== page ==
The natural resources collections offer centuries of evidence about how Americans have used the bounty of the American continent and coastal waters. Artifacts related to flood control, dam construction, and irrigation illustrate the nation's attempts to manage the natural world. Oil-drilling, iron-mining, and steel-making artifacts show the connection between natural resources and industrial strength.
Forestry is represented by saws, axes, a smokejumper's suit, and many other objects. Hooks, nets, and other gear from New England fisheries of the late 1800s are among the fishing artifacts, as well as more recent acquisitions from the Pacific Northwest and Chesapeake Bay. Whaling artifacts include harpoons, lances, scrimshaw etchings in whalebone, and several paintings of a whaler's work at sea. The modern environmental movement has contributed buttons and other protest artifacts on issues from scenic rivers to biodiversity.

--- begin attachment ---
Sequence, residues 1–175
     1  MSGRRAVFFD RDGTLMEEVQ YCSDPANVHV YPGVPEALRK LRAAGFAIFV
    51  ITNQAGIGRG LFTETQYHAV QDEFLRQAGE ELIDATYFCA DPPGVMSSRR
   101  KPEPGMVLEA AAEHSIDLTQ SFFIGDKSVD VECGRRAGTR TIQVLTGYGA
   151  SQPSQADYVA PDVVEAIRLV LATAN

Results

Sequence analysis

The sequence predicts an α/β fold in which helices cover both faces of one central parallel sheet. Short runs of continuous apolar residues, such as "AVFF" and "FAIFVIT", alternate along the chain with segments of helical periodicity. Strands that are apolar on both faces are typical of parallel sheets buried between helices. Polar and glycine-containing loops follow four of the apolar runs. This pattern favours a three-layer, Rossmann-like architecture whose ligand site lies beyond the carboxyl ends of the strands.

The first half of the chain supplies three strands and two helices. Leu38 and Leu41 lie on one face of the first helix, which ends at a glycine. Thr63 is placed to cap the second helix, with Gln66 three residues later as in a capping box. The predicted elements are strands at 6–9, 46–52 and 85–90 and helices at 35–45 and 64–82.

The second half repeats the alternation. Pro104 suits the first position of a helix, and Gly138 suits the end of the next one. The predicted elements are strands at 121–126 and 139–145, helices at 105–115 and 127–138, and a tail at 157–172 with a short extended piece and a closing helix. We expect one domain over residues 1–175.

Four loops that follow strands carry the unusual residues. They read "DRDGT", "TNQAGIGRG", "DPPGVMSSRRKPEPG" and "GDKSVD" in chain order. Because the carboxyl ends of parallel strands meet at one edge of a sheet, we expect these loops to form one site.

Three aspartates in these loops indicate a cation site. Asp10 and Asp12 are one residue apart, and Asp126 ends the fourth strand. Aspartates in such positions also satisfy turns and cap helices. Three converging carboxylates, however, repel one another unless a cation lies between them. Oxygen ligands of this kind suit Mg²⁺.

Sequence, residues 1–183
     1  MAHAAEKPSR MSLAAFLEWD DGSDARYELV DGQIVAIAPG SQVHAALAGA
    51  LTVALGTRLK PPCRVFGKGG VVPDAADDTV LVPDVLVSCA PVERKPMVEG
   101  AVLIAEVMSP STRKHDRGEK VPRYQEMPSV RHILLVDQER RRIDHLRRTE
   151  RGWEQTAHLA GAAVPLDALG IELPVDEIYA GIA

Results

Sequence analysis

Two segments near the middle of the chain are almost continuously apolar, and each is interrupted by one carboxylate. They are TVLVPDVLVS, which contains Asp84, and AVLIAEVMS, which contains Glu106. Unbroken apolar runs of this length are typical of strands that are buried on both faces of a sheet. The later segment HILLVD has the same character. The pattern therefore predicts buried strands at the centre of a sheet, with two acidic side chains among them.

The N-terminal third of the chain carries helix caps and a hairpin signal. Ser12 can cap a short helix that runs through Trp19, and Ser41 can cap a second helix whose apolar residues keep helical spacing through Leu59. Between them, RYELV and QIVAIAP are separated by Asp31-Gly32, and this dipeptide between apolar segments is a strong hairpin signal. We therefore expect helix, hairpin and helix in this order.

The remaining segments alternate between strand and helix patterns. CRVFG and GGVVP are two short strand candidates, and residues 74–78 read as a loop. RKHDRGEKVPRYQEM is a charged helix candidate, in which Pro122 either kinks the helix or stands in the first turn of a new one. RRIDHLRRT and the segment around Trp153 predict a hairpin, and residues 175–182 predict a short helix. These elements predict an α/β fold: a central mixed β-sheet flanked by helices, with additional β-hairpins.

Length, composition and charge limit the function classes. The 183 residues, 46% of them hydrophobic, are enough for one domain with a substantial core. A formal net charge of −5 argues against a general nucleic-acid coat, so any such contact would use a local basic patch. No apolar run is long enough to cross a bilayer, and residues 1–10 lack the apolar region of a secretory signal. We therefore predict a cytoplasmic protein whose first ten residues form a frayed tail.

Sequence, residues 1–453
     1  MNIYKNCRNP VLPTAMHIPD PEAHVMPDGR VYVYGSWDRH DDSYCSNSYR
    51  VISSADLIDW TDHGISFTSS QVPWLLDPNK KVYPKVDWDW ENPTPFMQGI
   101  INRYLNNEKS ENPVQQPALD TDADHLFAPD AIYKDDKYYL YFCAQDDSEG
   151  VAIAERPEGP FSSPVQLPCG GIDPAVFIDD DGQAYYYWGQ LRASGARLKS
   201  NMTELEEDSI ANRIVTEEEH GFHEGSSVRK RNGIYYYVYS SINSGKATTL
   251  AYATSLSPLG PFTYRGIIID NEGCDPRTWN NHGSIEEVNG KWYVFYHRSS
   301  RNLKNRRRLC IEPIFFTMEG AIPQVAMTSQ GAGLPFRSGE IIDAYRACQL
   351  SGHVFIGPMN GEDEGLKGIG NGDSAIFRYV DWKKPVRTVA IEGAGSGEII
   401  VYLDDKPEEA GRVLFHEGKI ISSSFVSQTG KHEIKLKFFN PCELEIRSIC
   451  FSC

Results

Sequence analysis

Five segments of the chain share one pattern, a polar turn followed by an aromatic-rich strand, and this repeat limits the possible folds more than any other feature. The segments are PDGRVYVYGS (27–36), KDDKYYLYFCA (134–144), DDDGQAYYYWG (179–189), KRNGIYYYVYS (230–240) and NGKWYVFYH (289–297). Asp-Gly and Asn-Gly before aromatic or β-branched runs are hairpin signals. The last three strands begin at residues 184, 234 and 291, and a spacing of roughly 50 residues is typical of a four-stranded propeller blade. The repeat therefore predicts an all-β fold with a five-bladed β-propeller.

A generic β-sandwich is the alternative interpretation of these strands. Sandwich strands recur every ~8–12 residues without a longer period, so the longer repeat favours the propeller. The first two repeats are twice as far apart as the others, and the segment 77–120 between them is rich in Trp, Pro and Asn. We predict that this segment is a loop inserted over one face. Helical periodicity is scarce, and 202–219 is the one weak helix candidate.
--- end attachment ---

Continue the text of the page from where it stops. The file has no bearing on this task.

Patent Model for a Double Cylinder Flatbed Printing Press
- Description (Brief)
- This patent model demonstrates an invention for various improvements on the English presses of Applegath, Napier, and others, especially methods of stopping and reversing the press bed in its travel and of raising the impression cylinders to allow the bed to pass underneath. The invention was granted patent number 2629.
- This was the patent for Hoe's Pony press, built specifically for the New York Sun to print 5-6,000 impressions per hour. Richard March Hoe (1812-1886) was the son of Robert Hoe, founder of the original company, which he took over in 1833 after his father's death. Among many outstanding inventions, his most famous press was the Lightning of 1846. He was also known for solicitous management of his employees, for whom he set up set up a free but compulsory apprentice school.
- Currently not on view (printing press fragment)
- date made
- ca 1842
- patent date
- Hoe, Richard March
- Hoe, Richard March
- ID Number
- catalog number
- accession number
- patent number
- Data Source
- National Museum of American History